Non-communicable diseases (NCDs), such as cancer, cardiovascular disease, diabetes and chronic respiratory disease, are usually thought to be “rich world” problems. However, the fact is that over 80 percent of NCDs occur in low or middle income countries.
NCDs are the leading cause of death in the world, accounting for 63 percent of annual deaths. In addition, millions of people must live with the symptoms and effects of these diseases for many years. The long-term disability and premature deaths associated with NCDs have a negative on economic development – it is estimated that one additional year of life expectancy raises a country’s GDP by four percent.
Although the pharmaceutical industry has made progress in treating NCDs in developed countries, much must be done in order to address these ailments in the developing world, where countries need support in building their healthcare infrastructure.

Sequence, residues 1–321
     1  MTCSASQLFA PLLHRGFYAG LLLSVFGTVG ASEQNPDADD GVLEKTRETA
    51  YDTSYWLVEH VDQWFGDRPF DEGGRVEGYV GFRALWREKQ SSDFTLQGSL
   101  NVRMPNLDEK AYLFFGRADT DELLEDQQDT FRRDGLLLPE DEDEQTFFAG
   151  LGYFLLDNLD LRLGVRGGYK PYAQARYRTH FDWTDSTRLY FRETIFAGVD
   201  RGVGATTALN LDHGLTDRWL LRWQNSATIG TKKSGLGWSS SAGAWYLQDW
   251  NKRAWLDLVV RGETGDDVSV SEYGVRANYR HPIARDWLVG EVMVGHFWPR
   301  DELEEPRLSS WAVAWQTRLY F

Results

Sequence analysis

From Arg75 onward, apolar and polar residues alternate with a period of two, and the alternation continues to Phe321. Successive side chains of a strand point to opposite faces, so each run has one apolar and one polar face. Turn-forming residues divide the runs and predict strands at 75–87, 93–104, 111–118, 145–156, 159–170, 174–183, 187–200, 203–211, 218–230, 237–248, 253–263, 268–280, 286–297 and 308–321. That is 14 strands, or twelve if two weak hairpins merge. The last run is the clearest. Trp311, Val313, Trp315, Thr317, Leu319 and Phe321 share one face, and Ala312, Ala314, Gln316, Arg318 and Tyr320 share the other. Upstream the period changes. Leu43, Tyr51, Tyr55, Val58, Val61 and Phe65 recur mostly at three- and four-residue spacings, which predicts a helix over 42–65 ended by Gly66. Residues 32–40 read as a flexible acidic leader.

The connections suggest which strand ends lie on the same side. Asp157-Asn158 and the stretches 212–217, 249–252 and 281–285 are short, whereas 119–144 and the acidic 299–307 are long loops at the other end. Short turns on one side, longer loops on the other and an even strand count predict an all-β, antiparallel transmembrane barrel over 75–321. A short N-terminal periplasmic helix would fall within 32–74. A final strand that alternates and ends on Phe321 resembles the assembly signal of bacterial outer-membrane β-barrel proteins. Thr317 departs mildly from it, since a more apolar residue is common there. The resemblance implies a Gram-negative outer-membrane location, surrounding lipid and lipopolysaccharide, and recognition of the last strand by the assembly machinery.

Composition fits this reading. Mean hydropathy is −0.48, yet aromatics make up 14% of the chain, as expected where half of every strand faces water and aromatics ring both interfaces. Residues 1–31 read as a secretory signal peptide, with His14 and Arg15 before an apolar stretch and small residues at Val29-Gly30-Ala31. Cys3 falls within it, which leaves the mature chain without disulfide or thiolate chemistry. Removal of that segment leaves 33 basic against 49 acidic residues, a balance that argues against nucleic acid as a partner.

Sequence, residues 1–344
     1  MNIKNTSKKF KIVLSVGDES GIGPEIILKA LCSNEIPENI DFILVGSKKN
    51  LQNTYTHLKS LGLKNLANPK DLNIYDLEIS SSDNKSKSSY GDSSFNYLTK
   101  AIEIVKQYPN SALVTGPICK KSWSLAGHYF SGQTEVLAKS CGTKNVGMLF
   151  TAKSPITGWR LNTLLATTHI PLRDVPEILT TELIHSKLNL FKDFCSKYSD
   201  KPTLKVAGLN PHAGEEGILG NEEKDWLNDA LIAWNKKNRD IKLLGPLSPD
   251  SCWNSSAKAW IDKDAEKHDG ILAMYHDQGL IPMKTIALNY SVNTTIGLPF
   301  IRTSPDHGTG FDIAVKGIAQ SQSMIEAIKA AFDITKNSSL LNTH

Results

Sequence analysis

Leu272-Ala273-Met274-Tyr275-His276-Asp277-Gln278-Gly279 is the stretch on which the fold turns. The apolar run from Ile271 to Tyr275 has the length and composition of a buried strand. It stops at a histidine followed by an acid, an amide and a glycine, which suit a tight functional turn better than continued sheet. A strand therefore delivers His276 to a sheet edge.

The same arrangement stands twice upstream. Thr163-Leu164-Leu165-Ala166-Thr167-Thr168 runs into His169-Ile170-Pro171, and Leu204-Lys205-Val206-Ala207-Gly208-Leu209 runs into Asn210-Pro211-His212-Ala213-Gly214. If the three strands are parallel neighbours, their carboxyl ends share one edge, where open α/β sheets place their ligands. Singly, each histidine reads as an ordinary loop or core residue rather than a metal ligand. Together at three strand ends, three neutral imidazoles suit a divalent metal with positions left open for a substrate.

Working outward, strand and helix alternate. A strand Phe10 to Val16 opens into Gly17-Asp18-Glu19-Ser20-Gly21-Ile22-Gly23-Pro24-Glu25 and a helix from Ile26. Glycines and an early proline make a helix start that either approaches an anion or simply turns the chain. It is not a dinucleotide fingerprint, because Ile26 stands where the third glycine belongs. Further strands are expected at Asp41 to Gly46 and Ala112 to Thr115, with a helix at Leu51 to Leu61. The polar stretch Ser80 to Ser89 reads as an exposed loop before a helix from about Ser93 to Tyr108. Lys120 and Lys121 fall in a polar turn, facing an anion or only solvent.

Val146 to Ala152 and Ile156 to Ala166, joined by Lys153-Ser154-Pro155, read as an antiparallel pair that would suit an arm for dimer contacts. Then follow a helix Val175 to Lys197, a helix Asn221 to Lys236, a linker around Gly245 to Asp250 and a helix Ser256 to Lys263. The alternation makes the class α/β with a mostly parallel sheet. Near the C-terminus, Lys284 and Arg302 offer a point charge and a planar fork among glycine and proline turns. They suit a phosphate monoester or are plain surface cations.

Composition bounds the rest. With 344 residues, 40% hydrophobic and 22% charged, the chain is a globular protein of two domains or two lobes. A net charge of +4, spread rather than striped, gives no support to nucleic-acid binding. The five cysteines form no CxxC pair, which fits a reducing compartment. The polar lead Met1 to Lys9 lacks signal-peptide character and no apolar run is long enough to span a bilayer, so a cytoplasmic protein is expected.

Johns Hopkins University recently released a roadmap for pharmaceutical companies and non-communicable diseases in the developing world. Its recommendations include regional and global harmonization among health care agencies and regulatory bodies. This would increase efficiency in the approval and distribution of quality drugs in different countries by eliminating diverging standards and protocols. In addition, pharmaceutical supply chains would be strengthened and primary care in developing countries would be expanded as efforts are made to improve both treatment and prevention.
In addition, it is important for pharmaceutical companies to work with the governments of emerging countries in order to help treat the high incidence of NCDs there. Lilly, for example, has set up partnerships in Brazil, India, Mexico and South Africa. These are focused on increasing access to treatment among underserved populations.
A final lesson is that the pharmaceutical industry should look to models that have been employed to fight HIV/AIDS. These include innovative partnerships between industry and governments.
With careful planning and investment, pharmaceutical companies can tap into new markets by bringing their NCD therapies to developing countries. This would be beneficial both to the industry and to the underserved populations that are currently not receiving adequate treatment.
– Caroline Poterio Martinez